What are the electrical safety standards for England? Sections 122 and 123 of the Housing and Planning Act 2016, electrical safety standards, come into force on 25 October 2019. This means we are finally one step closer to the introduction of mandatory electrical safety checks in the private rented sector in England. And we will see actual regulations very soon.
Meeting electrical safety standards
An enabling power was contained in the Housing and Planning Act 2016 under Section 122 to allow the Secretary of State through regulations to impose responsibilities on private landlords to ensure that they meet electrical safety standards under their ownership and while renting out their property. The Section also allows the Secretary of State to specify obligations that may befall on landlords with regards to the frequency of checks. But also, with the expertise expected of any persons who undertake such checks.
Section 123 provides for the enforcement of any responsibilities introduced under Section 122 including the use of financial penalties and rights of appeal.
Following Royal Assent of the Housing and Planning Act on 12 May 2016, electrical and tenant bodies will provide recommendations on what the requirements for electrical safety in the private rented sector should look like.
Now that the Commencement Order is in place, the Secretary of State has the power to lay actual regulations. Parliament will soon take care of this.
Summary of Electrical Safety Working Group recommendations:
- Five yearly mandatory electrical installation checks. These will become mandatory in secondary legislation.
- Encourage visual checks of the safety of the electrical installation by landlords at a change of tenancy. Initially, this will be good practice and then set out in guidance.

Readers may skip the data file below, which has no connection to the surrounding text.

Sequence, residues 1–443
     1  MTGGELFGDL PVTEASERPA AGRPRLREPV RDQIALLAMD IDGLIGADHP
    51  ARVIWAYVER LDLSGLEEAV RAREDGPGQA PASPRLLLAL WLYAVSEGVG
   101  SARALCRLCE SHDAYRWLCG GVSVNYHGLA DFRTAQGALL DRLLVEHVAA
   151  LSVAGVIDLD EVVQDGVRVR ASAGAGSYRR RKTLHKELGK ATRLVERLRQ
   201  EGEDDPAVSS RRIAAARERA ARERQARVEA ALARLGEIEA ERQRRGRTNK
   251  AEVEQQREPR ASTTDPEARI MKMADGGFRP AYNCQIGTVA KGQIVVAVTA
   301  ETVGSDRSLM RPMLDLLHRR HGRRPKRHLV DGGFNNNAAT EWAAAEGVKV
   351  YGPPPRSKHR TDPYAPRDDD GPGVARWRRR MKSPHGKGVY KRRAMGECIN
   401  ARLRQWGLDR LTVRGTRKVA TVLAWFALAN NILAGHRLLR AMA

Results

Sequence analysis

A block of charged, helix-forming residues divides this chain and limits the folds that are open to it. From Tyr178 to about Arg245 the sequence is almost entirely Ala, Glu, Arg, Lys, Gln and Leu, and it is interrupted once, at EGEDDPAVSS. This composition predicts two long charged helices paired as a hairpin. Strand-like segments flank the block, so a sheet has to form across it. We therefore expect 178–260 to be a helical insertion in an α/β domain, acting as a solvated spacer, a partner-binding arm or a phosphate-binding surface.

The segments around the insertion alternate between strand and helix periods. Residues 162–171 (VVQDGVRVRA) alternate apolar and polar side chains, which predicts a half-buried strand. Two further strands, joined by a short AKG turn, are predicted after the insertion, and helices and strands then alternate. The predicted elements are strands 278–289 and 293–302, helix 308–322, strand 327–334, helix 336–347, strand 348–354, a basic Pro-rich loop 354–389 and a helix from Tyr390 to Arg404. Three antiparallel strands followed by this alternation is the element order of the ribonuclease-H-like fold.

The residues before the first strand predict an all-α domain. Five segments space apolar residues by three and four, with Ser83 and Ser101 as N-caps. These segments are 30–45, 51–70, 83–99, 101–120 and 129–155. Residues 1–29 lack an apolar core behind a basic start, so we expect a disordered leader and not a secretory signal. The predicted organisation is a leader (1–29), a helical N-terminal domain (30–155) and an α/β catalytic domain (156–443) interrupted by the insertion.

- A report should be issued to the landlord, which needs to confirm that an EICR has been completed. The report also needs to confirm that any remedial work necessary has been undertaken satisfactorily. The tenant should receive a copy at the beginning of the tenancy. The landlord should also allow the local authority to view the report, on request.
- Encourage landlord-supplied electrical appliance testing and visual checks of electrical appliances by landlords at a change of tenancy. Initially, this will be good practice and then set out in guidance.
- Encourage the installation of Residual Current Devices (RCDs) by landlords. Initially, this will be good practice and then set out in guidance.
- A Private Rented Sector electrical testing competent person’s scheme should be set up. This will be separate from the existing Building Regulations competent person’s scheme.
- DCLG should commission the Electrotechnical Assessment Specification (EAS) management committee to consider the most effective method of recognising ‘competent PRS testers’ to carry out electrical inspections and tests.
- Legislative requirements should be phased in, beginning with new tenancies, followed by all existing tenancies.